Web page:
Easy Japanese Savory Okonomiyaki Pancakes, #WeekdaySupper

Imagine a samurai slashing his sword through a pancake. Seems comical, right? Except for this Ninja Baker's hyperbole about sword play, something similar to today's savory okonomiyaki pancakes were served to warriors of the Edo (Feudal) period.

Similar to a pizza, you can pick whatever toppings you like
for your okonomiyaki pancake.


Two styles of okonomiyaki vie for affection on the Japanese culinary scene. One is out of Hiroshima and involves fancy grill work. The second okonomiyaki style originates out of the commerce bustling city of Osaka. The latter is simple. Whisk up some pancake batter; rough chop and grate a few veggies, add protein and a #WeekdaySuppper is on the table in minutes!

Sunday Supper Movement

The aim of the #WeekdaySupper group is to share do-able and tasty recipes which are quickly made during the workweek. Scroll down to see the diverse and delicious dishes on this week’s menu. All of the recipes are handy for potluck parties, too.

Okonomiyaki pancakes are typically topped with mayonnaise in Tokyo.

While my easy Japanese savory okonomiyaki pancakes will have to be reheated if transported, they are perfect for a potluck party held at your home. Why? Okonomiyaki literally translates as “fried/cooked to your liking.” The foundation of the savory pancake is batter. So, each savory pancake can accommodate those who are swearing off onions, meat or any other ingredient. You could also substitute gluten-free flour if you’ve got gluten sensitive friends or family.

Even if you are not having a potluck, please do tweak the following recipe so you can savor pancake perfection on your plate.

Easy Japanese Savory Okonomiyaki Pancakes

Japan's savory okonomiyaki pancakes provoke debates among the best of friends about which toppings are the most suitable for the popular dish. Contention about the deliciousness of okonomiyaki is nearly zilch. Try it! And let me know which toppings you recommend.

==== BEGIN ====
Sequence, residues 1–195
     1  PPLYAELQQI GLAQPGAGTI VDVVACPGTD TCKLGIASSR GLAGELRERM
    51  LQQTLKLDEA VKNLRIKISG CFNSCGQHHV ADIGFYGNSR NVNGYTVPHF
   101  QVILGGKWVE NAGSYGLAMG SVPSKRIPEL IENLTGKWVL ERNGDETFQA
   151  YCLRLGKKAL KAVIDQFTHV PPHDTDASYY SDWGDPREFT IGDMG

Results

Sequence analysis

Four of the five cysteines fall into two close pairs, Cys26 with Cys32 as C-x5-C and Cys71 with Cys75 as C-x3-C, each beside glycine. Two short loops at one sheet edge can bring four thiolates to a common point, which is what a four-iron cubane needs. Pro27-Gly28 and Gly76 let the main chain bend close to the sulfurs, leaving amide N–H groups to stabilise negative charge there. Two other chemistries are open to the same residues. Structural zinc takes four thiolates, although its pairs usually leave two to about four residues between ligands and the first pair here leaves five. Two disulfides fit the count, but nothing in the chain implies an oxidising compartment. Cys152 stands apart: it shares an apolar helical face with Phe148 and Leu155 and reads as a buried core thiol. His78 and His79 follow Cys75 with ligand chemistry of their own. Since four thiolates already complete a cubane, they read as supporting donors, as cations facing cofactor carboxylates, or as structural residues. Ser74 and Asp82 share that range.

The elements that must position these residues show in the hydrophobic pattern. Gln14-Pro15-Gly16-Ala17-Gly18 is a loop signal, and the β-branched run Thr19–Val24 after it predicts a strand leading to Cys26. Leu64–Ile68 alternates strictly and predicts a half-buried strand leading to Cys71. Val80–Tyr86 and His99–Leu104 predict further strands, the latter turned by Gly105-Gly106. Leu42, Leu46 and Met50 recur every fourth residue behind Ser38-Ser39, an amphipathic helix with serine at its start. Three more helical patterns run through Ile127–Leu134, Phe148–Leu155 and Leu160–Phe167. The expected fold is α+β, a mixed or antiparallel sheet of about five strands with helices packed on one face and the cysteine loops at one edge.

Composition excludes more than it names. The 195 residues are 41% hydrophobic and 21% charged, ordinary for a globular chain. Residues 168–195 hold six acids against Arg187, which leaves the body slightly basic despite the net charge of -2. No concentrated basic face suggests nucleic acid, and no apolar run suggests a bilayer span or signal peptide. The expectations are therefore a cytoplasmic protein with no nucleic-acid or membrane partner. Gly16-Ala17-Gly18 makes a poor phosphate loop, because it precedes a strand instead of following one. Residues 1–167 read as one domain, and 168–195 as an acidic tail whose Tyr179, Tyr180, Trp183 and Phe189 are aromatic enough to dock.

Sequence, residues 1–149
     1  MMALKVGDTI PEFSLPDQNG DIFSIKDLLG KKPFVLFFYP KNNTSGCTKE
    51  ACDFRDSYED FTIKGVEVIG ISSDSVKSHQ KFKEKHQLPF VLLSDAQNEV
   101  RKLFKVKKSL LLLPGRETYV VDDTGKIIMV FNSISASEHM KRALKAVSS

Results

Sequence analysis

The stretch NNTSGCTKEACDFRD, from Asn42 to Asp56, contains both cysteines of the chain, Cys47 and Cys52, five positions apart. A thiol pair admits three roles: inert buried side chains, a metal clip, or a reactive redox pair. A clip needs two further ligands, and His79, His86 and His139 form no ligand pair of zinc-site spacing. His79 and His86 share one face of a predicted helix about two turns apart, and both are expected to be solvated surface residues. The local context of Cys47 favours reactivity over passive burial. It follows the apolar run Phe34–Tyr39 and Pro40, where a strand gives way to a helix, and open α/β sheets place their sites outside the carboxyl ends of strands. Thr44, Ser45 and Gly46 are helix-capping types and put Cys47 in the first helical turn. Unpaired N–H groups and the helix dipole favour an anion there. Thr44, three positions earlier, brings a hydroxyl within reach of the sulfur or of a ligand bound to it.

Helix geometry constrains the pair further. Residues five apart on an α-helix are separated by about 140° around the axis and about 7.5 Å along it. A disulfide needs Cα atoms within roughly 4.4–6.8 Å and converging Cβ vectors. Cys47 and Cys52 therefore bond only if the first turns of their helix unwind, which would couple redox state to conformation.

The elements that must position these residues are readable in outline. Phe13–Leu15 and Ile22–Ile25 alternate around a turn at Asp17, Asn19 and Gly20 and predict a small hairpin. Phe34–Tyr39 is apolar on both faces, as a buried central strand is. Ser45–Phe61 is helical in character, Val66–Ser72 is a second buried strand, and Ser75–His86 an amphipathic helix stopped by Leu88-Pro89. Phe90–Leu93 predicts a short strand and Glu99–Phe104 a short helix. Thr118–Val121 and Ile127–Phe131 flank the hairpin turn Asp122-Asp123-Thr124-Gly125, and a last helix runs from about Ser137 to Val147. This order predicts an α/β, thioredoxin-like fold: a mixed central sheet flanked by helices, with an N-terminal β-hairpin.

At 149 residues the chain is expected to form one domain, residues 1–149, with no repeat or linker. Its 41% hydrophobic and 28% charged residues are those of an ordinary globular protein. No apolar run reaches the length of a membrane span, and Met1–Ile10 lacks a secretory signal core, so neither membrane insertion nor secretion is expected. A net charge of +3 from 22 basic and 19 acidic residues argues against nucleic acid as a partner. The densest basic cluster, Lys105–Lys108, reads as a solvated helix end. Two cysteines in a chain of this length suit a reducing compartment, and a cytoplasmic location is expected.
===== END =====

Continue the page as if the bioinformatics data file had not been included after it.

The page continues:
Makes 4 pancakes

For the pancakes:
1 cup frozen peas and carrots
2 cans (6 ounces each) crab meat
2½ cups roughly chopped cabbage
5 scallions, chopped
1 cup all-purpose flour
3/4 cup water
1 cup grated yam (about one medium-large yam)
1/2 teaspoon salt
4 eggs, lightly beaten
4 teaspoons pickled beni shoga ginger from the Asian market OR 2 teaspoons freshly grated ginger

For the sauce:
12 tablespoons ketchup
4 tablespoons Worcestershire sauce
4 teaspoons soy sauce

Optional garnish:
Crumbled dried seaweed (nori)
Bonito (katsuobushi) flakes


1. Zap peas and carrots per package instructions in the microwave. Drain. Set aside in a bowl.
2. Drain the crab meat. Set aside in a bowl.
3. Chop cabbage for the needed 2½ cups. (Packaged slaw works, too.)
4. Chop off the ends of the scallions. Discard. Rough chop the rest. Set aside.
5. Whisk together the flour, water, yam and salt. Briskly stir in the eggs.
6. Add the peas and carrots, cabbage and scallions.
7. Coat a small fry pan with vegetable oil. Sauté the crab and ginger for about 10 seconds.
8. Spread ¼ of the batter over the crab and ginger.
9. When the edges are golden brown and the batter is slightly bubbly, flip the pancake. (About 4 to 5 minutes on each side.)
10. If desired, squeeze a generous dollop of mayonnaise on top. Also, sprinkle the pancakes with dried seaweed and bonito flakes.

Here are a few more tasty meals for a potluck or weekday supper:

Monday - Stuffed Orzo Salad by MealDiva
Tuesday - Grilled, Garlicky Lamb Lollipops by Culinary Adventures with Camilla
Wednesday - Easy Japanese Savory Okonomiyaki Pancakes by NinjaBaking.com
Thursday - Chicken and Israeli Couscous Vegetable Salad by Shockingly Delicious
Friday - Coconut Rice Pilaf with Peas & Fresh Herbs by Sue's Nutrition Buzz

Wishing you week days which feel like weekends!

The Ninja Baker

© ™ Watkinson 2012

The Ninja Baker has guest blogged and contributed recipes to numerous food sites. These additional recipes can be found here.



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